Project Management

Avoid Ambiguity to Improve Performance

There are all sorts of factors that can plague a project that are outside of your control. Volatility, uncertainty, complexity, and ambiguity (VUCA) can’t ever be totally eliminated from a project. However, ambiguity can be avoided because it is defined by how we communicate, and improving communication can decrease ambiguity. In an article for Project Times, George Pitagorsky explains how avoiding ambiguity can improve performance.

Adios, Ambiguity!

One of the ways that ambiguity can affect your project is through an ambiguous deadline. Imagine you have a project that typically operates under a deadline that requires compliance within 90 days of the effective date. But there has been some ambiguity in communication, and now there is confusion as to when the exact date is for completion. Because of this, more resources have been spent trying to complete the project within an unrealistic set of goals because higher-ranking company members have not responded yet.

Pitagorsky also describes a scenario how this ambiguity can affect someone’s role as well:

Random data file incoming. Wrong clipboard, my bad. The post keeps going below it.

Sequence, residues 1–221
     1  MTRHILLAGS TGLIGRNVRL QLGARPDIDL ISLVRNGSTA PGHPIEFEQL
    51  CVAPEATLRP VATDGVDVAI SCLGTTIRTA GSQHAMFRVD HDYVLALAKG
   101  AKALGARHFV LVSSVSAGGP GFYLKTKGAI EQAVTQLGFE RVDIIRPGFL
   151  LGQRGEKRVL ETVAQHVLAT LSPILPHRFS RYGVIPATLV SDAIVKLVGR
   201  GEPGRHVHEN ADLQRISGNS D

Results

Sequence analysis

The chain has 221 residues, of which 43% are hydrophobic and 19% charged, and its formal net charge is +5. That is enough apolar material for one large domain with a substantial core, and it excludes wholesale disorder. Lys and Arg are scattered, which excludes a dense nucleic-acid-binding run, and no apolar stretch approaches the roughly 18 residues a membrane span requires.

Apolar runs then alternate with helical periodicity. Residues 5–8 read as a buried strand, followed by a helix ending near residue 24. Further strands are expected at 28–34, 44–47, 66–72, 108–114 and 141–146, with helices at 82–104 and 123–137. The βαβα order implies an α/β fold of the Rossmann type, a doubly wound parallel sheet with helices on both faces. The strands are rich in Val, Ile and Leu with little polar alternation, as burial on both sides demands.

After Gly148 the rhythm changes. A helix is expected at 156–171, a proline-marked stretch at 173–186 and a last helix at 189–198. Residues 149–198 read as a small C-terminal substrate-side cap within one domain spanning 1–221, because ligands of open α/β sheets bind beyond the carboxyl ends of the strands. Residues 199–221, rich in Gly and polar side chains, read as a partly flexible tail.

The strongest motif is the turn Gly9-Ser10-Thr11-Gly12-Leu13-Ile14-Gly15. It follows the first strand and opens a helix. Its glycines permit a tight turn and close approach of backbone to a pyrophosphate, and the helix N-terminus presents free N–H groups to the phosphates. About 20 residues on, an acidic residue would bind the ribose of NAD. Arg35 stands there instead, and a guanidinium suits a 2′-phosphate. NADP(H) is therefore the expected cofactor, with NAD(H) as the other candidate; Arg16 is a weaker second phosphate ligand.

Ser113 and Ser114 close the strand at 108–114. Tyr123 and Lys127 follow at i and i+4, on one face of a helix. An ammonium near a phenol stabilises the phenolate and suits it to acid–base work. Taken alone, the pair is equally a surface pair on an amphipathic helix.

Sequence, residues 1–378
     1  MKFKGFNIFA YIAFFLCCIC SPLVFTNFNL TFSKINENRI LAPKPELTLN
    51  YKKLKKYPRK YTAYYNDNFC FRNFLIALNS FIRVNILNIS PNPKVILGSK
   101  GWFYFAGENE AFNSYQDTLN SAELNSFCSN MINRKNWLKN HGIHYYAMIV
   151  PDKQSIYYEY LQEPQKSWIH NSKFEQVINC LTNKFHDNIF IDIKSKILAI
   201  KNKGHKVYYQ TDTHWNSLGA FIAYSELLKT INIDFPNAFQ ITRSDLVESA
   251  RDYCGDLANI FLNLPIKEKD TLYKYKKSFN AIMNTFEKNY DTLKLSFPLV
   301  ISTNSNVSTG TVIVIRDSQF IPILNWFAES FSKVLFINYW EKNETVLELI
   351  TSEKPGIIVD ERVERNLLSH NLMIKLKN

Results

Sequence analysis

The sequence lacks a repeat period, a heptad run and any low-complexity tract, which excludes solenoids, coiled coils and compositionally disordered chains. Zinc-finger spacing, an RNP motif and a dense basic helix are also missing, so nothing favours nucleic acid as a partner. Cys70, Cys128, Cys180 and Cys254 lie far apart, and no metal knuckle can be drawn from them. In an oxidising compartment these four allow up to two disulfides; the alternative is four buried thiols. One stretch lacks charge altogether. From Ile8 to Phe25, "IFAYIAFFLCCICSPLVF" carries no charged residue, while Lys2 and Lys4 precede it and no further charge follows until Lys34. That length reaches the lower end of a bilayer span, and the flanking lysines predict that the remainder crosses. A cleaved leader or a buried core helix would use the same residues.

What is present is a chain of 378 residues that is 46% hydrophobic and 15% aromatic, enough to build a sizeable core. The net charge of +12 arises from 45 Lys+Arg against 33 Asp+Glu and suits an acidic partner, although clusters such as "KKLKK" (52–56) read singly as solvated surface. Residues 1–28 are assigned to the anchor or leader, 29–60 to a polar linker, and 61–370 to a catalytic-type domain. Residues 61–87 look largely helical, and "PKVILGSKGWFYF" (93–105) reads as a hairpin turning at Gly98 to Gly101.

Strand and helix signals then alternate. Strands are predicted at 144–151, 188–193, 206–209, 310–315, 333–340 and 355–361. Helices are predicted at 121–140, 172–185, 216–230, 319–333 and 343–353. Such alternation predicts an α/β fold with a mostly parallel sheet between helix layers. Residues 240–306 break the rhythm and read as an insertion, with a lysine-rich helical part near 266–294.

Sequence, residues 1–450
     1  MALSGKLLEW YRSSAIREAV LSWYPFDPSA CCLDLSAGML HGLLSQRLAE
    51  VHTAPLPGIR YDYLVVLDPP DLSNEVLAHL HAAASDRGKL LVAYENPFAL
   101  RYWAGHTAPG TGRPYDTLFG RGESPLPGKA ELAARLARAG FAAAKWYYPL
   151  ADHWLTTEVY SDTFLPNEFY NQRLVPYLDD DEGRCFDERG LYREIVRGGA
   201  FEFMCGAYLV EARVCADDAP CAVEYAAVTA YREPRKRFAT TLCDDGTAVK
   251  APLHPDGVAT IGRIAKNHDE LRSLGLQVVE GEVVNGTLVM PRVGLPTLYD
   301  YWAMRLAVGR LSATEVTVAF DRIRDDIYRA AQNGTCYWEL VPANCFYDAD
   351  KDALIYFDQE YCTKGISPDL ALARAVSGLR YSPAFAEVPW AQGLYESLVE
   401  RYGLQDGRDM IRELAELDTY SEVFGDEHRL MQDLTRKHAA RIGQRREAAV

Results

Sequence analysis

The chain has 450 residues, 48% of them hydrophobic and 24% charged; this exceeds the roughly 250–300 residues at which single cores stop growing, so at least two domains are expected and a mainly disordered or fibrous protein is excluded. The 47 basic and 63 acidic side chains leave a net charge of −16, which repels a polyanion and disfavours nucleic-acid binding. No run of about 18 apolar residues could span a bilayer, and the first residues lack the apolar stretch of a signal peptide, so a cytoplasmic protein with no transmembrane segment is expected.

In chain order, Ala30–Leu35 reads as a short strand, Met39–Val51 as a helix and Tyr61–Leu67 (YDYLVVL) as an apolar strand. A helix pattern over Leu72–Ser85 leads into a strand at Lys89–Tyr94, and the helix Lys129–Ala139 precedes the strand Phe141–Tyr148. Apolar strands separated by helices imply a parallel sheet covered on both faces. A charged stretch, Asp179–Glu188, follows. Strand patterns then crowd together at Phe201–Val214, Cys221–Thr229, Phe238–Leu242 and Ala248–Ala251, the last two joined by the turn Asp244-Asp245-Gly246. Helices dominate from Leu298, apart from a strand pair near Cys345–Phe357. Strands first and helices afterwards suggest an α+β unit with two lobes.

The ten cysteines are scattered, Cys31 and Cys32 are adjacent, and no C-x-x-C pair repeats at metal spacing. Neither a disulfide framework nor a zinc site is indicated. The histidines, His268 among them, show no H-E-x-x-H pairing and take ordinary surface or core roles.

An employee with good project management and communication skills is assigned to a large complex program without clear understanding of her role.  She thinks that she reports to the CEO who has given her over to the executive to whom the point person responsible for the project reports.  No one clearly lays out their expectations of the role she is to play.  Relatively comfortable with ambiguity, she takes on a project manager role, focusing on communication planning with the intention of helping the program manager succeed by promoting transparency and critiquing written reports and other communications. 

The program manager, less used to and less comfortable with ambiguity, does not share information or engage in role negotiation.  Dysfunction follows.

What’s important about Pitagorsky’s examples is that these occur outside of hypothetical situations. Making assumptions about what someone may or may not understand is a bad habit. Become an active listener and put effort into providing and receiving feedback. Doing this can save a lot of time on rework and frustration in the future.

You can view the original article here:

Austin J. Gruver

Austin is a Staff Writer for AITS. He has a background in professional writing from York College.

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